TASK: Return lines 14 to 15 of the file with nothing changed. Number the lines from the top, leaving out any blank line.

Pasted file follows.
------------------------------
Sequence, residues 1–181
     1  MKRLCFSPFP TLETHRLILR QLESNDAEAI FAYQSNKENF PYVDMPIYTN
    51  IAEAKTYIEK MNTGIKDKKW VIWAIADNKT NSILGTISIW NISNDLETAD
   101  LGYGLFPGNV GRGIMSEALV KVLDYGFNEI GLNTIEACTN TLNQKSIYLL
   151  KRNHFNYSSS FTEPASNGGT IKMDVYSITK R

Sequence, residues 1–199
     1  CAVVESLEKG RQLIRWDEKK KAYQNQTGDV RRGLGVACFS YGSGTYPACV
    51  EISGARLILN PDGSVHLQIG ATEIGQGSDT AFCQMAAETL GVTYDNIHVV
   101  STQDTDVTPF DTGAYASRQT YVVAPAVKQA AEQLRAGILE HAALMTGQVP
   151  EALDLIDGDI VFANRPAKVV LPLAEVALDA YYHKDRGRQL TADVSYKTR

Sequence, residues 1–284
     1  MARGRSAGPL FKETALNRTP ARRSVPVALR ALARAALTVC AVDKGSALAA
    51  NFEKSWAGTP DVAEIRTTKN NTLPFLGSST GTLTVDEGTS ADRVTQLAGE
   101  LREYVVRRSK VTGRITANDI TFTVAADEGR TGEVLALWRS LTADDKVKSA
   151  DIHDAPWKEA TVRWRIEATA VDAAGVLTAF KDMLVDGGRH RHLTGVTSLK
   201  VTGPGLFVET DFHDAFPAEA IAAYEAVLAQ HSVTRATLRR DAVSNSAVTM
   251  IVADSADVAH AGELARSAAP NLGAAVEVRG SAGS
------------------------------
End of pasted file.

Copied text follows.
   101  LREYVVRRSK VTGRITANDI TFTVAADEGR TGEVLALWRS LTADDKVKSA
   151  DIHDAPWKEA TVRWRIEATA VDAAGVLTAF KDMLVDGGRH RHLTGVTSLK